ces – Stay N Alive

My Favorite Technology of CES 2010

CESOverall the Consumer Electronic Show of 2010, while amazing and overwhelming and definitely worth my time, has been a disappointment when it comes to innovation. The big things of the show have been 3D, new consumer video devices, and, well, that’s about it. So I’m at a bit of a conundrum as to who or what my favorite technology at the show is. If I were to pick one though, it would have to be the demo by TCL (The Creative Life) of their 3D TV Technology that doesn’t require glasses.

Passing by the booth you can’t miss it – they’ve surrounded 4 TVs by mirrors (no relation to the technology), and when you look at the TVs, you do a double-take. You’re seeing 3D, just as you would in traditional 3D glasses, but without the glasses! I never knew this was possible!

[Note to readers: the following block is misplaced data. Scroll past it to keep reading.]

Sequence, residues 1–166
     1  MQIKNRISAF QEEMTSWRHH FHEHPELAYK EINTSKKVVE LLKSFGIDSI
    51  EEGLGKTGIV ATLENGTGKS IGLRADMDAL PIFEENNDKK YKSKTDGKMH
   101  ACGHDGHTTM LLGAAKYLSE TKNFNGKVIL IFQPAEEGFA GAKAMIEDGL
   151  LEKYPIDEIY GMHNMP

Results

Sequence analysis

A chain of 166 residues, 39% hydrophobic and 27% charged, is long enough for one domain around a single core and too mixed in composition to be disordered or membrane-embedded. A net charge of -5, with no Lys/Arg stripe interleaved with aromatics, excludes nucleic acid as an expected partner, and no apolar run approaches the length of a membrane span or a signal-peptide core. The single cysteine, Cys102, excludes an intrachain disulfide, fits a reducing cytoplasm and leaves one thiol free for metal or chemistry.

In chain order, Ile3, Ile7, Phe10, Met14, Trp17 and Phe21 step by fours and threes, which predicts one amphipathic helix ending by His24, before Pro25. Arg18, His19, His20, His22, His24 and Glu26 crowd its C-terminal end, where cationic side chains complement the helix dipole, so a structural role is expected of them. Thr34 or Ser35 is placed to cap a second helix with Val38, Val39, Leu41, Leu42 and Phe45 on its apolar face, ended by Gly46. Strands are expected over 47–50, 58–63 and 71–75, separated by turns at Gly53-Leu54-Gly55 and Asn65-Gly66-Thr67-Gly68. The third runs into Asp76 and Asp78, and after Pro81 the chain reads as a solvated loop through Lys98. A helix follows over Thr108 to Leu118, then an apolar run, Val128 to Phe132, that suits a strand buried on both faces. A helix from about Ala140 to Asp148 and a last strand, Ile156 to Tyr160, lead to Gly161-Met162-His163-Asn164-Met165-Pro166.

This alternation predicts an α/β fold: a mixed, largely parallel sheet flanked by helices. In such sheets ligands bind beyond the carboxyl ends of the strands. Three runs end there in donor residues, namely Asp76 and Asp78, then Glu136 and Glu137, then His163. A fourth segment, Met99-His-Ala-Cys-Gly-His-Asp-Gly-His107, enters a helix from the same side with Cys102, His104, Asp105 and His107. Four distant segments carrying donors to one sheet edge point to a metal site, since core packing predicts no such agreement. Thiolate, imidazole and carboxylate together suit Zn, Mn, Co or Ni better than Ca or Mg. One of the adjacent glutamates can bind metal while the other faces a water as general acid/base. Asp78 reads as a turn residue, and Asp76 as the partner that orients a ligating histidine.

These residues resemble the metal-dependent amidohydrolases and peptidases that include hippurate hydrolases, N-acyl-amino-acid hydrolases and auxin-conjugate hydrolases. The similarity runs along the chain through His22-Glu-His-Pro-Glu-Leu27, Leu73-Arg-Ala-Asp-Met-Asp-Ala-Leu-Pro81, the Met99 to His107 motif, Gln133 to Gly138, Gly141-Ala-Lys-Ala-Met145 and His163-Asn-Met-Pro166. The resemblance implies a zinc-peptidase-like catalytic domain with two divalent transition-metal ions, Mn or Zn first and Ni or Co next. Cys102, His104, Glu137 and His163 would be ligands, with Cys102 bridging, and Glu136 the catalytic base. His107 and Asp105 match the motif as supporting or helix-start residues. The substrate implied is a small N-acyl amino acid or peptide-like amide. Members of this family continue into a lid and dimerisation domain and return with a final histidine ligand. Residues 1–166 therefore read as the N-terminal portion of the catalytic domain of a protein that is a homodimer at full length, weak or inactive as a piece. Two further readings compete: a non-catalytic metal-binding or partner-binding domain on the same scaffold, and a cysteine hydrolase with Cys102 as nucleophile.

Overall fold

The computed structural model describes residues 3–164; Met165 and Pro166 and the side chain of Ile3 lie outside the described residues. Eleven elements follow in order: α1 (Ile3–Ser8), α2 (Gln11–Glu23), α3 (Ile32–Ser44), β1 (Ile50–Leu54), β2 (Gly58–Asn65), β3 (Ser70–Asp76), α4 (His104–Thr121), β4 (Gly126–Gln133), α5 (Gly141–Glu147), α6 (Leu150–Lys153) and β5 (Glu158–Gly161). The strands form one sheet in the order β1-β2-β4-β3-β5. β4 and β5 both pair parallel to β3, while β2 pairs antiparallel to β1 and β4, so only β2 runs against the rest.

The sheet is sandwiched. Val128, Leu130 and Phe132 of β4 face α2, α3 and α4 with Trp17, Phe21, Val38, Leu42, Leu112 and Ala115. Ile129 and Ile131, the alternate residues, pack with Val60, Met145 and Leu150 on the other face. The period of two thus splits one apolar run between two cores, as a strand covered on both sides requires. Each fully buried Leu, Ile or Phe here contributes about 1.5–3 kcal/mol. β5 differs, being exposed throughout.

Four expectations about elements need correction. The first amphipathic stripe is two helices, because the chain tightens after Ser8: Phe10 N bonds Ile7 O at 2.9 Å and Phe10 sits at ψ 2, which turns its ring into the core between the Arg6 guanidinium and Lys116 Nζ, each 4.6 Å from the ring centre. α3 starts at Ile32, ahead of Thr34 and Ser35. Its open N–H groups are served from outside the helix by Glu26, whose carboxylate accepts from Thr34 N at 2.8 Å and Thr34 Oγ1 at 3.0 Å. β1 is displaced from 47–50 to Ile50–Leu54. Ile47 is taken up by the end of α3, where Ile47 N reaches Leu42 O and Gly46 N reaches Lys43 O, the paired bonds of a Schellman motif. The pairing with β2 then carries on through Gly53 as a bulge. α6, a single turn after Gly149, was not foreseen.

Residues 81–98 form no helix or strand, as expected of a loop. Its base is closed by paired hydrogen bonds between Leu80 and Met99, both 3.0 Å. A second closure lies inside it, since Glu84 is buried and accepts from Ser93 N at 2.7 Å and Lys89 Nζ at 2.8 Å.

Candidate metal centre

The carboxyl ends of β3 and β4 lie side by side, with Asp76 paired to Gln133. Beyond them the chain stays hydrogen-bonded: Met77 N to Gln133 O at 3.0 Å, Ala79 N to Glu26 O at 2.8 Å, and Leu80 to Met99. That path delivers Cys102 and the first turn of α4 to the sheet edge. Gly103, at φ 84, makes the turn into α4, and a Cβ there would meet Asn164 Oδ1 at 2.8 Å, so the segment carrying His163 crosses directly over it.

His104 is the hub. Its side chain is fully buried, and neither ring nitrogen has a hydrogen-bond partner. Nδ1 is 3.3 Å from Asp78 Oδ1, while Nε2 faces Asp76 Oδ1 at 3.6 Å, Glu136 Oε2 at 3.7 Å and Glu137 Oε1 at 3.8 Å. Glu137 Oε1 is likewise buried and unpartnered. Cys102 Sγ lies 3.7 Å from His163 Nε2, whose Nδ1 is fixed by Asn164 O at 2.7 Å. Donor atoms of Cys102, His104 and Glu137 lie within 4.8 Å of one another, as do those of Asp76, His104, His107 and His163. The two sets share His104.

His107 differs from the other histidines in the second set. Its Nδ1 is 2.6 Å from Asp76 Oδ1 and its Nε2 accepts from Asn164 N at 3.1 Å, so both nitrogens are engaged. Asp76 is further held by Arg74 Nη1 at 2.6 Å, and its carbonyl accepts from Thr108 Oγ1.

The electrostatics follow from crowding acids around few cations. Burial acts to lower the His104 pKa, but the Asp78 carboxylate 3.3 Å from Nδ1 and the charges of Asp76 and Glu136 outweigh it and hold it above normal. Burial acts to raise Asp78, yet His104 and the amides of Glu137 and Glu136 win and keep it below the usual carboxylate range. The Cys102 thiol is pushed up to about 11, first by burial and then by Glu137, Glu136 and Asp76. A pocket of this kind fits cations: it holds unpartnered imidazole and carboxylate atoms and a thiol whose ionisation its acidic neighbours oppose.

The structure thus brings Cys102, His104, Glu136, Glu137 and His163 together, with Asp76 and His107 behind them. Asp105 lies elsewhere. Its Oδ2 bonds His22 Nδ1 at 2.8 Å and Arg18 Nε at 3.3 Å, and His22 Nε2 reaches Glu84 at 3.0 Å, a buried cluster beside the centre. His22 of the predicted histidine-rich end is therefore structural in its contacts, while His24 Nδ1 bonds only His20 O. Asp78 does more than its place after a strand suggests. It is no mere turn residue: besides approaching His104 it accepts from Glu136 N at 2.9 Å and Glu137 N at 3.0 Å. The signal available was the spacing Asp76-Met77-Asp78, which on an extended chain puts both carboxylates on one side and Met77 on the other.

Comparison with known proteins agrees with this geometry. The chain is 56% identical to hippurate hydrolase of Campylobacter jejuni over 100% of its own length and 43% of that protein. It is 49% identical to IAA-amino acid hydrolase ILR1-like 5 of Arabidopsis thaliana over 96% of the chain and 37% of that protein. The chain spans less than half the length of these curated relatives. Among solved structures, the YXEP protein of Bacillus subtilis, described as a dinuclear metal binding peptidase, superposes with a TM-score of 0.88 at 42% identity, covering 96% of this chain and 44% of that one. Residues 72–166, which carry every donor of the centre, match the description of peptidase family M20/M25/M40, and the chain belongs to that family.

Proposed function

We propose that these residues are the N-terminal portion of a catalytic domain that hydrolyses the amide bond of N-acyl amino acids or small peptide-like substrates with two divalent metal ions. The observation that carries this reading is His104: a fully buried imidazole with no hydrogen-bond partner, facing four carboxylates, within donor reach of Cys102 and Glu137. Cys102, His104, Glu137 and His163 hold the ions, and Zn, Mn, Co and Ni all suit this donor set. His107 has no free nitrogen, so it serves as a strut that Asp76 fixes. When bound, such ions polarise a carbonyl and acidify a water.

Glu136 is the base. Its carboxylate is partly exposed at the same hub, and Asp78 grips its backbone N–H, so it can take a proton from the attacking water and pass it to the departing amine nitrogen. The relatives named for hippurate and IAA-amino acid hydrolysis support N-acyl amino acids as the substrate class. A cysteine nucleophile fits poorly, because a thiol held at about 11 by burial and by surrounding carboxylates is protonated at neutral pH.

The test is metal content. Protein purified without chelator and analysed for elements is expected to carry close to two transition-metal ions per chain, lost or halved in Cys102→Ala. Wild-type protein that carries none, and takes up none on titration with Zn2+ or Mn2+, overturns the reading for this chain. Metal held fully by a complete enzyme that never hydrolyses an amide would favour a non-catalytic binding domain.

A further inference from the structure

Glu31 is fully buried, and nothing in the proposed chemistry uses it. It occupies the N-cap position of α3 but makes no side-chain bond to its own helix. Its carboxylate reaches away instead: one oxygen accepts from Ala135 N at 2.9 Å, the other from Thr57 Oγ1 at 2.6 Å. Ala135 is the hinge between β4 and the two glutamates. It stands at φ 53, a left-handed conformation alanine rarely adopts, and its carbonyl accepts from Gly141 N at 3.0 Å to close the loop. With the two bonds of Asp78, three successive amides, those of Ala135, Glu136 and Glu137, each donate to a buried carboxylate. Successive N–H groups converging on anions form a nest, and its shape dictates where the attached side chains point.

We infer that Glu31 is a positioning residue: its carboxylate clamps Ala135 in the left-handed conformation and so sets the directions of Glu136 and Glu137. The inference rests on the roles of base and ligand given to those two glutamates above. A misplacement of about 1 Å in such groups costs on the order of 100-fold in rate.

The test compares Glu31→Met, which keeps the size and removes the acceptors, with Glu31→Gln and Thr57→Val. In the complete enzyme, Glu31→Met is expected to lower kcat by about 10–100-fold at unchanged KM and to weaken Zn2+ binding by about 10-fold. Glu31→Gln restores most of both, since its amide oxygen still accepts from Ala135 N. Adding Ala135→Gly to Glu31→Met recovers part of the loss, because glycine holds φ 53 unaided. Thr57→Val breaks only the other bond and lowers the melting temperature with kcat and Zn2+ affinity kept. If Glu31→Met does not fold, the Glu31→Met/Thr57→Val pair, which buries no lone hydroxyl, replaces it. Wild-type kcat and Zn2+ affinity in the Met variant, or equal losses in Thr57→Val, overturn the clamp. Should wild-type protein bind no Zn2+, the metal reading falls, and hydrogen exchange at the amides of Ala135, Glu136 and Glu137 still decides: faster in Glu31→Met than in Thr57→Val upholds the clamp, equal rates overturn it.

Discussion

The technology revolves around basically mimicking the 3D glasses technology right on the TV screen itself. That, and an optical illusion of just the right flicker with the speed your eyes process information, and they’re tricking your brain to thinking there’s full 3D objects inside those monitors!

I saw a lot of 3D technology at CES. Some are special 3D TVs that you have to buy the TV to get the full 3D experience, but they require glasses. Others are adapters you hook up to your Sony PS3 and you can play games in 3D (due EOY 2010 Sony told me – I’m actually excited for that one and may buy a PS3 because of it). I talked to a guy in the elevator at my hotel that works with devices you put right up to your eyes like glasses to get the experience.